Mammals, birds, and squamates (lizards, snakes, and relatives) are key living vertebrates, and thus understanding their evolution underpins important questions in biodiversity science. Whereas the origins of mammals and birds are relatively well understood, the roots of squamates have been obscure.
A new study by the University of Bristol reports a modern-type lizard from the Late Triassic of England. They retrieved the specimen of the lizard from a cupboard of the Natural History Museum in London. The analysis showed that modern lizards originated in the Late Triassic and not the Middle Jurassic, as previously thought.
The team has named their incredible discovery Cryptovaranoides microlanius, meaning ‘small butcher’ in tribute to its jaws filled with sharp-edged slicing teeth.
Dr. David Whiteside of Bristol’s School of Earth Sciences said, “I first spotted the specimen in a cupboard full of Clevosaurus fossils in the storerooms of the Natural History Museum in London, where I am a Scientific Associate. This was a common enough fossil reptile, a close relative of the New Zealand Tuatara that is the only survivor of the group, the Rhynchocephalia, that split from the squamates over 240 million years ago.”
“Our specimen was simply labeled ‘Clevosaurus and one other reptile.’ As we continued to investigate the specimen, we became more and more convinced that it was more closely related to modern-day lizards than the Tuatara group.”
“We made X-ray scans of the fossils at the University, and this enabled us to reconstruct the fossil in three dimensions and see all the tiny bones hidden inside the rock.”
Cryptovaranoides is a squamate because it differs from Rhynchocephalia in the braincase, the neck vertebrae, the shoulder area, the presence of a median, upper tooth in the front of the mouth, the way the teeth are set in the jaws (rather than being fused to the crest of the jaws), and the skull architecture, such as the absence of a lower temporal bar. There is only one significant primordial characteristic that cannot be found in contemporary squamates, and that is an opening where an artery and nerve pass through on one side of the upper arm bone’s humerus.
Although experts have noted that many snakes, including Boas and Pythons, have many rows of huge teeth in the same region, Cryptovaranoides does exhibit a few other seemingly primitive characteristics, such as a few rows of teeth on the bones of the roof of the mouth. Despite this, it has a sophisticated braincase like most live lizards do, and the connections between the bones in its skull imply that it is flexible.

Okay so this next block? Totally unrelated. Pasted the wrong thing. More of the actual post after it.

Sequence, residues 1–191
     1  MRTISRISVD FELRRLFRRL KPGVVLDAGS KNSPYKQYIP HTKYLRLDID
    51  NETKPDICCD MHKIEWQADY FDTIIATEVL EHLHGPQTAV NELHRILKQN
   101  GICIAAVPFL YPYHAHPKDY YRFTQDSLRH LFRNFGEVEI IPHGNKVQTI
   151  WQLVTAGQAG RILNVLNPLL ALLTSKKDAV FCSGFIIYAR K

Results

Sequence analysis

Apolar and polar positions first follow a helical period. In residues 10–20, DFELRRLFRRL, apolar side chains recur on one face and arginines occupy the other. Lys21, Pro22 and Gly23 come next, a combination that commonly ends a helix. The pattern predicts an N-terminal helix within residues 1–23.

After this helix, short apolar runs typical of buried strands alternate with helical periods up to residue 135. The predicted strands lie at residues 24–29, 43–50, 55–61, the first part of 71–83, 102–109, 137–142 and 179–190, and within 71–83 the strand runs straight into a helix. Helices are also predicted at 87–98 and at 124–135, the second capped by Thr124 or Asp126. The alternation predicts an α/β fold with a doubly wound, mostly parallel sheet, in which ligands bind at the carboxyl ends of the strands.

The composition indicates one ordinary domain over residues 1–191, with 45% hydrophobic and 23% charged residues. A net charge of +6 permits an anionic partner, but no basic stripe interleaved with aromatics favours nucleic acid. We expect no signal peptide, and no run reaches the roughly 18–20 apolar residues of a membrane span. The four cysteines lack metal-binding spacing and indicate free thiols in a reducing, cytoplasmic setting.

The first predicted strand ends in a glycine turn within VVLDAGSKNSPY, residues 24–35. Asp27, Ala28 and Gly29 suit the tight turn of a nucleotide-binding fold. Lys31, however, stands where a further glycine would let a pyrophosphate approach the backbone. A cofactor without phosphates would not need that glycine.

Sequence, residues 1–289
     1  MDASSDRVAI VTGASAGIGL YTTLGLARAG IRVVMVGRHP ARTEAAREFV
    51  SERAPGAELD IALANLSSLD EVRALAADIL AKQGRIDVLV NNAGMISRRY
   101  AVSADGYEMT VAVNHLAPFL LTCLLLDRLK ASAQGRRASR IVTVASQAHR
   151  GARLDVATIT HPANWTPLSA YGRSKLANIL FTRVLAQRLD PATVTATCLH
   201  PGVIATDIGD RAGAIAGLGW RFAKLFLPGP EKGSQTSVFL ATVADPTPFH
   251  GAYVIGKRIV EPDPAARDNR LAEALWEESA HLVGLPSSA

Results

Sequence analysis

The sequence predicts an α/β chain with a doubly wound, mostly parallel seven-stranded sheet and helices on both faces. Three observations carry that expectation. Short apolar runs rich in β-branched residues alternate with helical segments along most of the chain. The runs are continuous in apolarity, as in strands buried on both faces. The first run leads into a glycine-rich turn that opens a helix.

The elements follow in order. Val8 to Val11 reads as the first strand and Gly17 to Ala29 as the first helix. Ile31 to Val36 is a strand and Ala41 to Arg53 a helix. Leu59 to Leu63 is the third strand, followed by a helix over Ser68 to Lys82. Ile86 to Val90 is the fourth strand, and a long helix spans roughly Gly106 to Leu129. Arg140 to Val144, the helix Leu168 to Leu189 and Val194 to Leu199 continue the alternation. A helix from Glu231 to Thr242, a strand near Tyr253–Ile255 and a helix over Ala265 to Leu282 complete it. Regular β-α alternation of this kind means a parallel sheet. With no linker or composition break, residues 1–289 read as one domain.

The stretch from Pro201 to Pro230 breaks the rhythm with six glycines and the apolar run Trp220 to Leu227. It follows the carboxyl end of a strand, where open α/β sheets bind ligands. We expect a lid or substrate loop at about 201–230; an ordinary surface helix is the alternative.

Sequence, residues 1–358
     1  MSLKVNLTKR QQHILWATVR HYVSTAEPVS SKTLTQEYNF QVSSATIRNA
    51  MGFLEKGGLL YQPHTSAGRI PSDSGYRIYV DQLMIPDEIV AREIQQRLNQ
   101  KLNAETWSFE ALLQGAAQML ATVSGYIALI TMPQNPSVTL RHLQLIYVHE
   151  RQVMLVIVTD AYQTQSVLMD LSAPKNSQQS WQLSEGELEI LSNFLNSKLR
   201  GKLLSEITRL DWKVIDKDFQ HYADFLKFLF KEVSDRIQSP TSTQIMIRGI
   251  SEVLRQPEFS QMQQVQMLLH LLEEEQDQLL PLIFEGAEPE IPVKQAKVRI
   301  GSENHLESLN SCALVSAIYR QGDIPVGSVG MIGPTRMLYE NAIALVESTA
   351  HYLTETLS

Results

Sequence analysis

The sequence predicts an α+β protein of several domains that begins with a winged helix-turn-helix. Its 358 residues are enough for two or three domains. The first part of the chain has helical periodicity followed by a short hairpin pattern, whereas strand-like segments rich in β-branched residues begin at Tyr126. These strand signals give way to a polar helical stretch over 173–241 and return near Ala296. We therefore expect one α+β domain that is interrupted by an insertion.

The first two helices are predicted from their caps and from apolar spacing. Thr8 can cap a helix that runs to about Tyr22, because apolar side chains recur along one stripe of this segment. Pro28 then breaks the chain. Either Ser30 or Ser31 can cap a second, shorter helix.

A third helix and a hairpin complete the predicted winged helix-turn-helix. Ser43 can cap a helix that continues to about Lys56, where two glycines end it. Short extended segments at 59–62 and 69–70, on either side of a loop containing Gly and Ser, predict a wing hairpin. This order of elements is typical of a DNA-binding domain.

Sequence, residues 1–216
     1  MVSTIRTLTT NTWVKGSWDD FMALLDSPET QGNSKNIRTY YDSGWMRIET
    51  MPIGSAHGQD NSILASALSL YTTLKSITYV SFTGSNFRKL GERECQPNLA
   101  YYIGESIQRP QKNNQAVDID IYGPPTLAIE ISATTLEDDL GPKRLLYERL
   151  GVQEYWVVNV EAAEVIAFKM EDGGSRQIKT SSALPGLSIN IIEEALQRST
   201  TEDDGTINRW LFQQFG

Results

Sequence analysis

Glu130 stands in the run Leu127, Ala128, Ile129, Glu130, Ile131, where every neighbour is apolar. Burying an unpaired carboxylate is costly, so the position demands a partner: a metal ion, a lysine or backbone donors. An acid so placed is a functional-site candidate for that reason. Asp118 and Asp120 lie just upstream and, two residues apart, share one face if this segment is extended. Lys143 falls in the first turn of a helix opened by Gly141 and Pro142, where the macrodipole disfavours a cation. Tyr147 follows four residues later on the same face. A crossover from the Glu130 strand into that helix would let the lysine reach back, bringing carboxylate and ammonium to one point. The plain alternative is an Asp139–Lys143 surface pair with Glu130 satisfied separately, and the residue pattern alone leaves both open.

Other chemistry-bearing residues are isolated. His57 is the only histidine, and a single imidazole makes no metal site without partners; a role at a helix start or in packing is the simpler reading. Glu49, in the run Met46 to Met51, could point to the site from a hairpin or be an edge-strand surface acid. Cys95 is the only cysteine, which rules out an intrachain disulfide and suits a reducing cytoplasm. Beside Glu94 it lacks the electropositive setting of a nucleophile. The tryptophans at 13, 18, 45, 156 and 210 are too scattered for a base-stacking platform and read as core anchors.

Co-author Professor Mike Bento said, “In terms of significance, our fossil shifts the origin and diversification of squamates back from the Middle Jurassic to the Late Triassic. This was a time of major restructuring of ecosystems on land, with origins of new plant groups, especially modern-type conifers, new kinds of insects, and some of the first modern groups such as turtles, crocodilians, dinosaurs, and mammals.”
“Adding the oldest modern squamates then completes the picture. It seems these new plants and animals came on the scene as part of a major rebuilding of life on Earth after the end-Permian mass extinction 252 million years ago, and especially the Carnian Pluvial Episode 232 million years ago when climates fluctuated between wet and dry and caused great perturbation to life.”
Ph.D. research student Sofia Chambi-Trowell commented: “The name of the new animal, Cryptovaranoides microlanius, reflects the hidden nature of the beast in a drawer but also in its likely lifestyle, living in cracks in the limestone on small islands that existed around Bristol at the time. The species name, meaning ‘small butcher,’ refers to its jaws filled with sharp-edged slicing teeth, and it would have preyed on arthropods and small vertebrates.”
Dr. Whiteside concluded: “This is a very special fossil and likely to become one of the most important found in the last few decades. It is fortunate to be held in a National Collection, in this case, the Natural History Museum, London. We would like to thank the late Pamela L. Robinson, who recovered the fossils from the quarry and did a lot of preparation work on the type specimen and associated bones. It was a pity she did not have access to CT scanning technology to help her observe all the detail of the specimen.”